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Sizes Available: S, M, L, XL
Sizes Tested: M

Ion Says:

The Riot Curv 14 features ION’s revolutionary thermal composite CURV material known for its light weight and great durability. Besides this, the Riot Curv 14 is fully molded and offers an outstandingly light yet incredibly robust harness construction. With a flex index of 14, it is one of the medium-stiff to stiff models in ION’s product range. All loads are distributed perfectly through its stiff 3D pre-shaped center part. Together with the low outline, this medium-stiff to stiff harness offers great freedom of movement, further enhanced through the flexible side parts.

On top, the Riot Curv 14 was equipped with ION’s popular C_bar 3.0 and Kite_Knife Multitool 2.0. The C_Bar 3.0 includes a dyneema webbing slider and comes without hook – allowing you to choose between ION’s hook options to fit your personal preferences. The hook must be purchased separately.

Visit for more info: www.ion-products.com/water/kiteboarding/harnesses/kite-waist-harnesses/riot-curv-14/

TKB Says:

The Riot Curv 14 is Ion’s high-tech carbon composite harness that offers stiffer support through its use of composite materials but with its smaller cut still offers good flexibility for the rider. Ion uses a flex spectrum rating that goes from 0 to 20, with low numbers representing super flexible and higher numbers indicating extra rigid frames. The Riot Curv 14 definitely lands on the stiffer side of the spectrum, but one of the most noticeable aspects right off the bat is how lightweight the harness body is in your hands. With a moderate C-shape, you can feel its solid side to side rigidity with stiffer torsional flex. The back doesn’t have a ton of spinal bulge or shaping built into it and the interior is fairly smooth with some subtle grip worked into the exterior. The cut is on the slim side with a lower back and slimmer sides and comes with a PVC coated rope for a grab handle with a stainless handlepass leash slider ring attached; the grab handle is removable via belt buckle clips. The Riot Curv has nice tuck flaps and a pocket for its composite kite knife (which brilliantly integrates a hidden fin key). The spreader bar is attached via two webbing straps that use a ratchet/friction buckle and features a lever closing mechanism on one side of the spreader bar. This lever makes it easy to take the harness on and off without having to adjust your webbing every time and it allows you to get some extra tension. The spreader bar has a generous foam pad built into it and feels fairly tall and tends to resist torsional twisting. There are a couple of different kite connection options, including a slim fit webbing slider or two kinds of hooks. One hook has its own spring-activated gate for hooked in riding and the other is just a regular hook for hooked or unhooked riding.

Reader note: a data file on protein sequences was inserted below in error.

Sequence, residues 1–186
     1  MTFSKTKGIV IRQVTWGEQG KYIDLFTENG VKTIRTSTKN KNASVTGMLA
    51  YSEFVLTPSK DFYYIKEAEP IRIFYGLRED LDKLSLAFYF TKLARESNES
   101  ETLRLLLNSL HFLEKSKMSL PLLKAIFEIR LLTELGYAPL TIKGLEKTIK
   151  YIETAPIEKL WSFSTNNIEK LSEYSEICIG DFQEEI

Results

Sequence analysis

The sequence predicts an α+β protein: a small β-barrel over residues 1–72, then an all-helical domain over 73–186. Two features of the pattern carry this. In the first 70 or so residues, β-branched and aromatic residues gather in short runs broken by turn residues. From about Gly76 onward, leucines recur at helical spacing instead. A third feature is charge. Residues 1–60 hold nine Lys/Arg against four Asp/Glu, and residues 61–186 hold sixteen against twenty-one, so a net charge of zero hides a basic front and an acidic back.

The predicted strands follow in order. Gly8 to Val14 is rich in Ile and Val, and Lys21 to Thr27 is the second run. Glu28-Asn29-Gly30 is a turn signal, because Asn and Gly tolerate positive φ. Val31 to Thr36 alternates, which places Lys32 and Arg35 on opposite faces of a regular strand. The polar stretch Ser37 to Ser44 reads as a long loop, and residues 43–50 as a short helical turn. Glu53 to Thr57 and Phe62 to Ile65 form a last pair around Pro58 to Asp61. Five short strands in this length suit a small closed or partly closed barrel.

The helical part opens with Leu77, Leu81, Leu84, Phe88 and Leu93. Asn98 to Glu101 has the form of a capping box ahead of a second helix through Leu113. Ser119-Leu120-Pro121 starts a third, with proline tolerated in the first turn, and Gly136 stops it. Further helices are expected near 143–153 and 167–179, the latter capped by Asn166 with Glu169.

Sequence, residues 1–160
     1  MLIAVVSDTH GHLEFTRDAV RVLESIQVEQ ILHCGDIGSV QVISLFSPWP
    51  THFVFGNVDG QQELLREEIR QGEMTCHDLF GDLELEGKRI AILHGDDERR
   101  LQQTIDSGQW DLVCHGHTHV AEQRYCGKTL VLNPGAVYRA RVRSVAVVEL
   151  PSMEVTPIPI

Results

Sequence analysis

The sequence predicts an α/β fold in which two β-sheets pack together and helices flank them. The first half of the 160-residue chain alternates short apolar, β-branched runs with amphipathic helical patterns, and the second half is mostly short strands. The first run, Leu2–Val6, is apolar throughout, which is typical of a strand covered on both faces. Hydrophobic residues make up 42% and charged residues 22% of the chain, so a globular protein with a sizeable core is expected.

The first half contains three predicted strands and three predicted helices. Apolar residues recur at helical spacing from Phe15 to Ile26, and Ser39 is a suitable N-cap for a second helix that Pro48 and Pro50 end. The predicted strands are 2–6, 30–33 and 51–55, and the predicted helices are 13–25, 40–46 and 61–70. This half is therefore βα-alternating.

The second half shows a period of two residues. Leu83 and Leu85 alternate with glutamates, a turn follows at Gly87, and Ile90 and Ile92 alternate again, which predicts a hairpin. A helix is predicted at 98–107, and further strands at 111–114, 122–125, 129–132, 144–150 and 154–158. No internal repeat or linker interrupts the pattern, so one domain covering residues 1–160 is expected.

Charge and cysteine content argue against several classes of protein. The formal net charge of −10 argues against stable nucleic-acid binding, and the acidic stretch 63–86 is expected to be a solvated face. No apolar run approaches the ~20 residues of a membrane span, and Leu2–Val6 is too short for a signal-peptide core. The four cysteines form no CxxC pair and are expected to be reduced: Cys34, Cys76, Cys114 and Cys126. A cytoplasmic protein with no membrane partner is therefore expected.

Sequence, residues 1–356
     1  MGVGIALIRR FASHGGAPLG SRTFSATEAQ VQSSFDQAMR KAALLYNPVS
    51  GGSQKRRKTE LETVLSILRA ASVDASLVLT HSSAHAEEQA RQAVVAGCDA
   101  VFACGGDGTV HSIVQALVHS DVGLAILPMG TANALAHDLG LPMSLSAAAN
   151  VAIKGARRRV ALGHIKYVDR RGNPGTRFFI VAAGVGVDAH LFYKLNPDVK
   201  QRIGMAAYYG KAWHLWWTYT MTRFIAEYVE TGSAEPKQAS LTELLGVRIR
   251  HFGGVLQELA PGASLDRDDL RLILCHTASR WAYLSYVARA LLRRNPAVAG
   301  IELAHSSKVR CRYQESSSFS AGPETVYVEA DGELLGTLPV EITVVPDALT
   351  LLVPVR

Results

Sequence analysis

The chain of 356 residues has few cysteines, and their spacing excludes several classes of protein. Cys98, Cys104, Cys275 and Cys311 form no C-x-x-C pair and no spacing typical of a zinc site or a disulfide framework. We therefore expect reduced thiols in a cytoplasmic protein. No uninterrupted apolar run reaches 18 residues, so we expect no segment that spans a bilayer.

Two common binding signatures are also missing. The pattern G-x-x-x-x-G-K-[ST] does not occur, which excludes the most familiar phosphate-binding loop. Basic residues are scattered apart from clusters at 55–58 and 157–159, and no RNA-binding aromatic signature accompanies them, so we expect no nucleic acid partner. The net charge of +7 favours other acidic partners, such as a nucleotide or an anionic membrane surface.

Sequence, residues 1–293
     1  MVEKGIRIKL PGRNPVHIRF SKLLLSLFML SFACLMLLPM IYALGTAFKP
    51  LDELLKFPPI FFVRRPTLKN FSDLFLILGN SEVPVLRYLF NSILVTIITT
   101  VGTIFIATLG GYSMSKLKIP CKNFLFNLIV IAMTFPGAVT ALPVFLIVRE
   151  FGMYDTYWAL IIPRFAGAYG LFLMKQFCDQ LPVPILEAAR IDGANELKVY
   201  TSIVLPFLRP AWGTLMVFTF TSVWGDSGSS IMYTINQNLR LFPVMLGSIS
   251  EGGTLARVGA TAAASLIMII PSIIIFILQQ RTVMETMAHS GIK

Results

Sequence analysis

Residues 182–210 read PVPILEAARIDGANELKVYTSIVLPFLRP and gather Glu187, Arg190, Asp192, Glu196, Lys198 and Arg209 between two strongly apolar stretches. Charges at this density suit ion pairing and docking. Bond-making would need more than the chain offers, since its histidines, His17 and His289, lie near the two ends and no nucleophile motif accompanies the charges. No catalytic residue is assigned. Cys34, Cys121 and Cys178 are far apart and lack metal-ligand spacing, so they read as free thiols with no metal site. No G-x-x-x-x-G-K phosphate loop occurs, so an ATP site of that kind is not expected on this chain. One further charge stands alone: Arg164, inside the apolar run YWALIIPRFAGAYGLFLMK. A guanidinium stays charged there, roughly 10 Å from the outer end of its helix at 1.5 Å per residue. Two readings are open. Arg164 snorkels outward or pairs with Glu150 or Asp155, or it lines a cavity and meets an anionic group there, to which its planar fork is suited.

We were first impressed with the low weight of this harness and liked the locked-in feel that the molded back offers. The rigid frame adds extra pressure to the center of your back and transfers a lot of the kite’s load to the center and sides of your back, not your hips. The Riot definitely feels a bit more rigid than some of the other harnesses out there but since the back isn’t very tall you still get a lot of mobility at your torso. With the hardshell frame, we liked to add some extra tension to keep the harness centered on our back. Unlike more flexible harnesses, you don’t want this harness rotating around your body because of it’s form-fitted molding.

Our harness came with Ion’s C-Bar QuickLock which is mounted on a stiff, foam backplate that is about 5″ high, and while at first, it may look tall and a bit of overkill, it does an excellent job of ensuring that your harness stays in place and the spreader bar does not ride up or roll up into your ribs. The quick-release buckle system which Ion calls their “Tension Lock” system is a unique concept that basically means no more messing around with adjusting webbing and buckles each time you put on or take off your harness. Set your buckles on your webbing to your preferred fit and tightness one time, then place the hooks in the locking bars on the side of the C_Bar 3.0 spreader bar and tension it back on itself until it buckles closed. It’s quick, set it and forget concept allows you to really specify your harness to your desired size, get it on and off quickly and get the exact same fit every session. Perhaps a small detail, but we dislike it when the webbing strap falls out of the pocket and dangles while riding, but we found the bungee pockets did a great job of securing the excess webbing slack from the spreader bar.

We really liked the QuickLock’s lift up gate spreader bar for freeride hooked-in riding. It makes hooking in and out super easy and gives you a locked-in feeling without the use of a quick-release locking finger. Since the hook is really shallow it keeps everything nice and close to your body. Overall, riders who like the dispersed support of a hardshell will appreciate the Curv’s stiffer frame, yet the lower back still allows for ample movement and the overall weight will feel good both on and off the water.